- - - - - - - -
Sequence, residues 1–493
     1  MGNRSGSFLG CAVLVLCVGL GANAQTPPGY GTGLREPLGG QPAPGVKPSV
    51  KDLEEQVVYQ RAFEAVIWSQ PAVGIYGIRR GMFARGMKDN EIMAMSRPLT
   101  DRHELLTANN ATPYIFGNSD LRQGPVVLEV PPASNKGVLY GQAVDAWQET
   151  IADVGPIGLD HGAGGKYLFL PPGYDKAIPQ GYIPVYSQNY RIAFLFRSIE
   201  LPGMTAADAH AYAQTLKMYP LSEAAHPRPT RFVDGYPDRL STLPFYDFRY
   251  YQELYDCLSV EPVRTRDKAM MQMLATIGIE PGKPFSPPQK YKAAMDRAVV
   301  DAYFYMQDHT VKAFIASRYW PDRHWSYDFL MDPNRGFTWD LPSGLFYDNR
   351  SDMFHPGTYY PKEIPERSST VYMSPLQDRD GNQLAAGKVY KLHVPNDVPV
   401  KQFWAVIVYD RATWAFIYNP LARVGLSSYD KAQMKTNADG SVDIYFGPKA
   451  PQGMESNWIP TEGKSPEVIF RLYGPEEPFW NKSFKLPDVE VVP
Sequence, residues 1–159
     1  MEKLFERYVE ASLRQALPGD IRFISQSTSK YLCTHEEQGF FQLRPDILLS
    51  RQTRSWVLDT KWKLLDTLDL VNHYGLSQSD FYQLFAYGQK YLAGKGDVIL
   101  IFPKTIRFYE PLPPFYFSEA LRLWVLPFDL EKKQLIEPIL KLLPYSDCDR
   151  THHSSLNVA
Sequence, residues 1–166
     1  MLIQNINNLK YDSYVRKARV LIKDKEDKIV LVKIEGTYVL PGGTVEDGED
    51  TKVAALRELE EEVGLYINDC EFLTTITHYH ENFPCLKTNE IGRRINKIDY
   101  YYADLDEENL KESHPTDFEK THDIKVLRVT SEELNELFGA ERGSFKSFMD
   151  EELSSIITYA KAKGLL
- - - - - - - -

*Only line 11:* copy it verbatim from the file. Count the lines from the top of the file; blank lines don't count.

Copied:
   451  PQGMESNWIP TEGKSPEVIF RLYGPEEPFW NKSFKLPDVE VVP